Financial planner: taking a closer look at long-term care insurance

A financial planner who has been receptive to the employment of reverse mortgages in financial plans discusses possible strategies to fund long-term care at The Street

As the population of the United States ages and as birth rates decline from prior levels, the amount of spending related to long-term care for older adults is expected to rise precipitously. Because of that, many people are likely thinking about the best methods they can employ to fund long-term care (LTC).

This is according to Robert Klein, a financial advisor and founder of the Retirement Income Center in Newport Beach, Calif. Klein, who in the past has discussed reverse mortgages as a potential tool in a retirement plan, explores some of the ways LTC works and how it could be funded for up to 10 years in a new column at The Street.

For instance, those who may not have a lump sum of cash on hand to fund LTC insurance could look at other policies, including “limited-pay” LTC insurance policies.

“Limited-pay long-term care insurance policies are traditional long-term care insurance fully paid after a fixed number of years, usually five to 10, with 10 being typical,” Klein explains. “Some of these policies have a rate guarantee whereby the premium is guaranteed to never increase during the payment term, e.g., 10 years for a 10-pay policy.”

Limited-pay policies take away the lifetime commitment often associated with annual policies, and could avoid certain instances of a rising premium, he says.

“Annual premiums for 10-pay long-term care insurance policies are approximately 2.5 times the initial premium for comparable annual-pay policies,” Klein writes. “The value of a 10-pay vs. an annual-pay policy becomes more apparent over time as premiums on annual-pay policies increase.”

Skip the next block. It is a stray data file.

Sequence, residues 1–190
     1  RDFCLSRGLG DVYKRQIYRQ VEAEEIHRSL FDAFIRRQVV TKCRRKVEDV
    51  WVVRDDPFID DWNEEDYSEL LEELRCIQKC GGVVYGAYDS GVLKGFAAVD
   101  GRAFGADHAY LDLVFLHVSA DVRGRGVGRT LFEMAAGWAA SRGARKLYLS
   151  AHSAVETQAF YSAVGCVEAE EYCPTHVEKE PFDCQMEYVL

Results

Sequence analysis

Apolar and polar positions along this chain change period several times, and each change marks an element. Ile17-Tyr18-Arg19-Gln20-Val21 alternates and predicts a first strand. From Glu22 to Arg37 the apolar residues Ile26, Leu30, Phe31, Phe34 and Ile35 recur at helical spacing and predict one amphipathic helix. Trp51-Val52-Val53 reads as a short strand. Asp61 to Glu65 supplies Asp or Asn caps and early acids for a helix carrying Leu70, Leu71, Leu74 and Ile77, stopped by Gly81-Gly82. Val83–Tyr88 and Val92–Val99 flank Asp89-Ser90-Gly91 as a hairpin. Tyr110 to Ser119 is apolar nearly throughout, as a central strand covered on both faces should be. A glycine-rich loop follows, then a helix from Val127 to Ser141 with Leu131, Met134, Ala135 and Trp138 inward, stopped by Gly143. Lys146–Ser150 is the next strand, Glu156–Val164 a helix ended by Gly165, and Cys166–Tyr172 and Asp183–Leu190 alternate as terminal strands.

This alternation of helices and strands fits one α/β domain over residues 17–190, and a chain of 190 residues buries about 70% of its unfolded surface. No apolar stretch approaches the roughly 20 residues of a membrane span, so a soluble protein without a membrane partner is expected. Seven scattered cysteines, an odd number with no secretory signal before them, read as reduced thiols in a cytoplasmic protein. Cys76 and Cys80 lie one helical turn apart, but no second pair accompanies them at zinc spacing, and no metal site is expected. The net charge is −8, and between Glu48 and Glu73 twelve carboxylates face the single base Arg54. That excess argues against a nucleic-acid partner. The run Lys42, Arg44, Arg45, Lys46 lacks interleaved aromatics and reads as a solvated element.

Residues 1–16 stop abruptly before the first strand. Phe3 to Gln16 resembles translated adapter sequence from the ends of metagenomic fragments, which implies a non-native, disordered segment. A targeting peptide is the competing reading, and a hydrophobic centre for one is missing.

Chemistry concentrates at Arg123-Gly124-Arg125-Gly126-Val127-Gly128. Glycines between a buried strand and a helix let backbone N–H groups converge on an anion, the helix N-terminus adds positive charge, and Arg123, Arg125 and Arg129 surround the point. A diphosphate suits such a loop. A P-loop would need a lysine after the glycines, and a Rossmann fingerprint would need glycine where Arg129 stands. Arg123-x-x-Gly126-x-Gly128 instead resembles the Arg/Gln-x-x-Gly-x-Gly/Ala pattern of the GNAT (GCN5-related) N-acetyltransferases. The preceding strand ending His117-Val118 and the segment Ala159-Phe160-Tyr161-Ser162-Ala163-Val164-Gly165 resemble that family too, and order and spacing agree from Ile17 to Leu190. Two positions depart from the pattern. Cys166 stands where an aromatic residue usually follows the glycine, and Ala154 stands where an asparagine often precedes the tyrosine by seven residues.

LTC insurance policies are expensive, but can be well worth the expense when compared with an LTC insurance event such as dementia, he explains.

“In addition to being tax-free, long-term care insurance benefits provide peace of mind since they negate the need to liquidate assets reserved for retirement and other financial planning goals,” Klein writes. “Furthermore, care can be provided by qualified professionals instead of family members. When care is provided by a family member, this can be devastating to the entire family since it negatively impacts family dynamics, disrupts the caregiver’s life, and often impacts the health and wellbeing of the caregiver.”

Klein, guested on The RMD Podcast in 2021, discussed potential points of advice for reverse mortgage professionals seeking a financial planner as a referral partner.

“Just reach out,” he said on RMD #24. “I’ve reached out to people in the reverse mortgage business, various people that I’ve sought out, and experts in the business. I’ve enjoyed mutually beneficial relationships with these people, and I’ve learned a tremendous amount about [the product]. So, I think it’s a matter of reaching out to people that you see that are interested in the business, preferably. And then, just opening up other advisors’ eyes who might not be so obvious that they’re interested in the reverse mortgage business.”

Read the new column at The Street.

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